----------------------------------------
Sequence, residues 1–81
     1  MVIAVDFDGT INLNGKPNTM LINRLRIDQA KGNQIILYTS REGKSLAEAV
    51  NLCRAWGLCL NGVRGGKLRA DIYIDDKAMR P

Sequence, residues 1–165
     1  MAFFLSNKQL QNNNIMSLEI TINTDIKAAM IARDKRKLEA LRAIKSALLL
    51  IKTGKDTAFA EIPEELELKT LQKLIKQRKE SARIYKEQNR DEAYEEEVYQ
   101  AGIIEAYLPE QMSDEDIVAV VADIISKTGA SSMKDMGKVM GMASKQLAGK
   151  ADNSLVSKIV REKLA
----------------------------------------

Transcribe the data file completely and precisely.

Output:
Sequence, residues 1–81
     1  MVIAVDFDGT INLNGKPNTM LINRLRIDQA KGNQIILYTS REGKSLAEAV
    51  NLCRAWGLCL NGVRGGKLRA DIYIDDKAMR P

Sequence, residues 1–165
     1  MAFFLSNKQL QNNNIMSLEI TINTDIKAAM IARDKRKLEA LRAIKSALLL
    51  IKTGKDTAFA EIPEELELKT LQKLIKQRKE SARIYKEQNR DEAYEEEVYQ
   101  AGIIEAYLPE QMSDEDIVAV VADIISKTGA SSMKDMGKVM GMASKQLAGK
   151  ADNSLVSKIV REKLA